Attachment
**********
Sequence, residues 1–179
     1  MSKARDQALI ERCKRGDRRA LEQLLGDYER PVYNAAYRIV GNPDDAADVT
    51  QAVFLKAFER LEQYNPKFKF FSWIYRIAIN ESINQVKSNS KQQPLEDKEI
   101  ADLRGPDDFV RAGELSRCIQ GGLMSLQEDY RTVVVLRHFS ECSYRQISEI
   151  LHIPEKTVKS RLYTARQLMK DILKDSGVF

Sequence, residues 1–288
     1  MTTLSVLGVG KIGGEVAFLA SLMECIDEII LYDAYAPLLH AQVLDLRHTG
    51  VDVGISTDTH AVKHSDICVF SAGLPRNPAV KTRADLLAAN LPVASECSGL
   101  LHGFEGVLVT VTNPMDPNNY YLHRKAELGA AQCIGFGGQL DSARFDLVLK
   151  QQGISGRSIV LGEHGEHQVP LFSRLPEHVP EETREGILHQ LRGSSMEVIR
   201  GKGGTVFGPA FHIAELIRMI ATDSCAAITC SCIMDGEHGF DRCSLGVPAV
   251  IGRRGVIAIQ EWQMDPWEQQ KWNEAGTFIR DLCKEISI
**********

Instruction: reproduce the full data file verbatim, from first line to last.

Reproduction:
Sequence, residues 1–179
     1  MSKARDQALI ERCKRGDRRA LEQLLGDYER PVYNAAYRIV GNPDDAADVT
    51  QAVFLKAFER LEQYNPKFKF FSWIYRIAIN ESINQVKSNS KQQPLEDKEI
   101  ADLRGPDDFV RAGELSRCIQ GGLMSLQEDY RTVVVLRHFS ECSYRQISEI
   151  LHIPEKTVKS RLYTARQLMK DILKDSGVF

Sequence, residues 1–288
     1  MTTLSVLGVG KIGGEVAFLA SLMECIDEII LYDAYAPLLH AQVLDLRHTG
    51  VDVGISTDTH AVKHSDICVF SAGLPRNPAV KTRADLLAAN LPVASECSGL
   101  LHGFEGVLVT VTNPMDPNNY YLHRKAELGA AQCIGFGGQL DSARFDLVLK
   151  QQGISGRSIV LGEHGEHQVP LFSRLPEHVP EETREGILHQ LRGSSMEVIR
   201  GKGGTVFGPA FHIAELIRMI ATDSCAAITC SCIMDGEHGF DRCSLGVPAV
   251  IGRRGVIAIQ EWQMDPWEQQ KWNEAGTFIR DLCKEISI